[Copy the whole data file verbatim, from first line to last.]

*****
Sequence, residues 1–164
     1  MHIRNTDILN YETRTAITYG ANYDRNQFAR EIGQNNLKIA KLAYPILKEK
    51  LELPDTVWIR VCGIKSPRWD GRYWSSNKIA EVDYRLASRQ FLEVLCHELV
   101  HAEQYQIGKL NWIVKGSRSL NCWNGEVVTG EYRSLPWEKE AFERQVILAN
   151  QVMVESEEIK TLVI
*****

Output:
Sequence, residues 1–164
     1  MHIRNTDILN YETRTAITYG ANYDRNQFAR EIGQNNLKIA KLAYPILKEK
    51  LELPDTVWIR VCGIKSPRWD GRYWSSNKIA EVDYRLASRQ FLEVLCHELV
   101  HAEQYQIGKL NWIVKGSRSL NCWNGEVVTG EYRSLPWEKE AFERQVILAN
   151  QVMVESEEIK TLVI